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13 Things to Know About Getting Diagnosed With Rheumatoid Arthritis

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I had never heard of rheumatoid arthritis before being diagnosed in 2015 at 31 years old. I started experiencing flare-ups five years earlier when my primary care doctor referred me to a rheumatologist due to my family history of lupus (another autoimmune disorder). A couple of years later, after a lot of tests, additional specialists, and lots of confusion,  the rheumatologist landed on my diagnosis: seronegative rheumatoid arthritis.

I can’t say the diagnosis was helpful in understanding my condition. I left the doctor’s office with prescriptions, being told the importance of taking them, a follow-up date, and yet no knowledge of what rheumatoid arthritis was or what it meant to live with an autoimmune condition. Every day I’m still learning what it means for me to be living with rheumatoid arthritis since being diagnosed.

Here’s what I’ve learned so far that I wish I would have known six years ago about getting diagnosed with rheumatoid arthritis.

1. Rheumatoid arthritis is a chronic autoimmune and inflammatory condition where the immune system does not work properly.

It causes inflammation of the joints as well as other symptoms, and can affect people of all ages.

2. There are multiple types of rheumatoid arthritis, including seropositive, seronegative, and juvenile rheumatoid arthritis.

3. Seronegative RA does not present with a positive RA factor or the antibody anti-cyclic citrullinated peptide (anti-CCP) in a person’s blood work.

Seropositive RA means either the RA factor or anti-CCP is present. A rheumatologist will be able to tell you which kind you have and how they came to that conclusion.

4. A rheumatoid arthritis diagnosis can happen quickly or take a long time.

Sometimes it comes quickly. Sometimes it can take a while. For some people, the diagnosis may change over time such as a seronegative RA diagnosis changing to a seropositive RA diagnosis.

5. Rheumatoid arthritis symptoms can be mild or debilitating.

RA symptoms experienced can vary from mild to severe and include joint pain, stiffness, fatigue, bone erosion, and deformities.

6. Rheumatoid arthritis can be both a visible and invisible chronic illness.

There are a variety of experiences and hidden symptoms that may be experienced by people living with rheumatoid arthritis. Living with RA can sometimes feel like having a visible and invisible illness depending on the symptoms experienced at any given time. This has been hard to navigate and explain what I’m going through when it impacts how I am able to show up in my relationships or different roles in my life.

7. Support resources are available for people newly diagnosed with rheumatoid arthritis.

The Arthritis Foundation is potentially good support and a place to find information, tools, and resources to connect with others, education, and life after diagnosis. I found it particularly helpful as I didn’t know anyone else when I received my diagnosis and I didn’t know what kinds of questions to ask to advocate for myself or where to find resources for support and learning more about my condition.

8. The rheumatoid arthritis diagnosis and treatment journey can be different for each patient.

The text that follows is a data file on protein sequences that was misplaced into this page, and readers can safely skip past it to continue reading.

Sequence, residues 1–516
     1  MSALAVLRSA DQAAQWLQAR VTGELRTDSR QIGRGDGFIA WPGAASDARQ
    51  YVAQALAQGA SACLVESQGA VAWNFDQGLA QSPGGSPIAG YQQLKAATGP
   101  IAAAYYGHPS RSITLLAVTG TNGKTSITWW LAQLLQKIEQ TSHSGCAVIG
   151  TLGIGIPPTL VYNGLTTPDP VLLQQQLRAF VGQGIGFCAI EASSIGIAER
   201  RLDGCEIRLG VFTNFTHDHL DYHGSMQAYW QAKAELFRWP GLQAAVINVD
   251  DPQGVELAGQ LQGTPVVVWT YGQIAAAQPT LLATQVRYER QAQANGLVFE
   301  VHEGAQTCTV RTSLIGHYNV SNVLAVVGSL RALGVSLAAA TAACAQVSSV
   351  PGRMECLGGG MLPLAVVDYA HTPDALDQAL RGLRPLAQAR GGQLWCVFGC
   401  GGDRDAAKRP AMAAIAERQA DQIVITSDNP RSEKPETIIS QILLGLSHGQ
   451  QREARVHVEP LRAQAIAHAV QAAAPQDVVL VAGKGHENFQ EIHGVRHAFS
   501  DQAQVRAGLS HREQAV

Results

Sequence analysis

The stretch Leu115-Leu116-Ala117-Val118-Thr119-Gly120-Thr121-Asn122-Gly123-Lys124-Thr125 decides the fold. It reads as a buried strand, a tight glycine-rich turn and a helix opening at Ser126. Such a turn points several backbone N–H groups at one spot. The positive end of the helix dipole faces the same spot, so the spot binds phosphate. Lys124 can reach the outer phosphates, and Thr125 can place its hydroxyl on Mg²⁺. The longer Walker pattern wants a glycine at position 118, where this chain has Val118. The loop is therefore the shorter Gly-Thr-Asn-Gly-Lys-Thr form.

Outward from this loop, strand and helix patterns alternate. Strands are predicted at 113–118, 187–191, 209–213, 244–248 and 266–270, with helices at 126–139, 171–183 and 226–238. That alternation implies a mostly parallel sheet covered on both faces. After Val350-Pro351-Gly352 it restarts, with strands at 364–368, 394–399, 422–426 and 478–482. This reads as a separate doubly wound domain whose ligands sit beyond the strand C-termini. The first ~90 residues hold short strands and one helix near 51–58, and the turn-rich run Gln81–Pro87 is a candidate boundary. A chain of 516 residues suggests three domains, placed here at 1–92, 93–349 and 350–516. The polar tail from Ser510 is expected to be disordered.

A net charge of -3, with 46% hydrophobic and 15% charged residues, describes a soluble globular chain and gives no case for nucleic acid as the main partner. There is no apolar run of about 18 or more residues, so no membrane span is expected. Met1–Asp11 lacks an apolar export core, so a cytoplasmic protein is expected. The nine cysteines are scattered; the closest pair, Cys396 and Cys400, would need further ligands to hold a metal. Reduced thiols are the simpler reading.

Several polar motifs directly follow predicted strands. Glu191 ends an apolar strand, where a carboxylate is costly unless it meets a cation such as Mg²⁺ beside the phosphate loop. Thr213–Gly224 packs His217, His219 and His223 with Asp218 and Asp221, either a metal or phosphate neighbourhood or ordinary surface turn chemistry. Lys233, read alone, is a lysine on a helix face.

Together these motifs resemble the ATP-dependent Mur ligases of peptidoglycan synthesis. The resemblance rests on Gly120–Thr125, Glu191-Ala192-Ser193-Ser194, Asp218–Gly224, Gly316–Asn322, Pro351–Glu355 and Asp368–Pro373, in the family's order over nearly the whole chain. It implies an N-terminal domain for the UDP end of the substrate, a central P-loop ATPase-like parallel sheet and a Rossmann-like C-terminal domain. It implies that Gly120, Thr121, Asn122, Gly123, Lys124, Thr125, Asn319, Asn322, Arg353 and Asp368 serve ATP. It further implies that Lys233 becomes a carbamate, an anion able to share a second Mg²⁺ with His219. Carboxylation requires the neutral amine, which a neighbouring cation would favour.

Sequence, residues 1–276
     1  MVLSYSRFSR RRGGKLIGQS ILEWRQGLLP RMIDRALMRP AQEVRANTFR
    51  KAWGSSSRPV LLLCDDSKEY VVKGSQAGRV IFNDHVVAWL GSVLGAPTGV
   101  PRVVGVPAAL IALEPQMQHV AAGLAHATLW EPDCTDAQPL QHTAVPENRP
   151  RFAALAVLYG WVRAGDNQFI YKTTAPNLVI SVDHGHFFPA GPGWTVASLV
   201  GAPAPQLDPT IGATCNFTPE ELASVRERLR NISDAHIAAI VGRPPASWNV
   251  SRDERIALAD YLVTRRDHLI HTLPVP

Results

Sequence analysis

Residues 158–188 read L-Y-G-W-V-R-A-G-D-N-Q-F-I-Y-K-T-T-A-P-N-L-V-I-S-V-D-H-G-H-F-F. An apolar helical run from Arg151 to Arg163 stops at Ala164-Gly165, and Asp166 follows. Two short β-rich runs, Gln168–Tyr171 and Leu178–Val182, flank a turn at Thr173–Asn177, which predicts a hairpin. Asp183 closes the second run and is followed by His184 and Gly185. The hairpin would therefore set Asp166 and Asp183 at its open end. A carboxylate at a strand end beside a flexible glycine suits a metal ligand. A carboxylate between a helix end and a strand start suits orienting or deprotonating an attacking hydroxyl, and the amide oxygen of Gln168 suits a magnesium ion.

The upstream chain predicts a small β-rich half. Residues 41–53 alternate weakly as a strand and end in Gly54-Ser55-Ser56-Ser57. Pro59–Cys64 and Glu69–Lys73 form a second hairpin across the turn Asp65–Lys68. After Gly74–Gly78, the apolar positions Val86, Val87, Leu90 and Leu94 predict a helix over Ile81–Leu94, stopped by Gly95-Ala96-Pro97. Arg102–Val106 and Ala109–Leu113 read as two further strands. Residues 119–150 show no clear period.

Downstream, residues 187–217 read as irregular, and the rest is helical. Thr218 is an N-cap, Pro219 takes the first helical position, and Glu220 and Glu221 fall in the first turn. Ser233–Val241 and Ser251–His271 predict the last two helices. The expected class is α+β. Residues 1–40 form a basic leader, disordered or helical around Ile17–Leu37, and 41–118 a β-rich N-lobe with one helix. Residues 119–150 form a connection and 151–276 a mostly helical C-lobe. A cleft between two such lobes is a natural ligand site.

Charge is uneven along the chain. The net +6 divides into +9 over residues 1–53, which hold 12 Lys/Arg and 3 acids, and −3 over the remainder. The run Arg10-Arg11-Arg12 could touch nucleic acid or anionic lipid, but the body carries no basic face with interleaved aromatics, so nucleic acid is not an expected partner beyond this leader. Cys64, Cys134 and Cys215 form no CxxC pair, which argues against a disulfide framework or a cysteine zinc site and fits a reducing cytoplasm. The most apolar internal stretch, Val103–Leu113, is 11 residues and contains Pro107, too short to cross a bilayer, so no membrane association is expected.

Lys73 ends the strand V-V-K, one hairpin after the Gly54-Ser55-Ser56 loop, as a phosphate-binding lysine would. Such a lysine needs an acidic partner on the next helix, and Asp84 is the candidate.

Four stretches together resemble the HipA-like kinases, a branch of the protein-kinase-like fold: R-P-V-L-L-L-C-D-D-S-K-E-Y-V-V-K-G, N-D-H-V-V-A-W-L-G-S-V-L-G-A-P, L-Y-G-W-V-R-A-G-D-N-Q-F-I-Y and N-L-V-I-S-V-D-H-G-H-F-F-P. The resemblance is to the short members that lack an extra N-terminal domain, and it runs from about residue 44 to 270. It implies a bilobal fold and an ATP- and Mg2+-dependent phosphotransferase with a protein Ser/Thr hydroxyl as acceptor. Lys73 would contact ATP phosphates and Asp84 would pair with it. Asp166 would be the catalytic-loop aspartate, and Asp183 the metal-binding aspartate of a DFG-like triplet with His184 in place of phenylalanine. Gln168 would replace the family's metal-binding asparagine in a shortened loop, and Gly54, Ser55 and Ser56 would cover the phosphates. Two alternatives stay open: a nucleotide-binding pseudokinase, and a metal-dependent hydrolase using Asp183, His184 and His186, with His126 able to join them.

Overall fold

For me, this was and continues to be the case because the symptoms, treatment, and complications connected to RA within my body interact with my other medical conditions, creating an overlap of symptoms and contradictions that can be hard to pull apart to gain clarity. Advocating for my rheumatologist, neurologist, and primary care physicians to be in communication with each other has been helpful, especially when things get complex and confusing beyond just me.

9. The fatigue is real.

Flare-ups are real. The experience of living with rheumatoid arthritis at every point is real.

10. Shifting and adapting may be required in life with rheumatoid arthritis.

Sometimes the way I am able to engage in different areas of my life such as work and social engagements has to shift if I’m in a rheumatoid arthritis flare-up or just don’t have the energy. I remind myself that this is OK, even if it is bumping up against my internal stigmas of what I “should” and “shouldn’t” be able to do. Adaptive equipment such as my walker, keyboard, mouse, and special grips help me with doing day-to-day activities when my symptoms are high as well.

11. Support and help may be needed at different points and in different ways.

For me, this has included parenting, which has been hard. But, the support especially during my flare-ups or on my harder days helps me be there for my active 15-month-old daughter in different ways while also being able to lean on support.

12. Stress management, self-care, and other strategies can make a difference when you live with rheumatoid arthritis.

This has been true for me as stress exacerbates my symptoms and contributes to RA flare-ups. So, having my boundaries in place and my evolving self-care plan is medically necessary for all aspects of my health and life. Water aerobics, seated yoga and meditation, and adaptive sports have also helped me continue to do the things I love, manage my stress, and engage in self-care.

13. It’s OK to not feel OK.

It’s also OK to feel OK. All feelings are valid. Rheumatoid arthritis for me feels like being on two different roller coasters at once — a physical one and a mental-emotional one. You are not on this journey alone.

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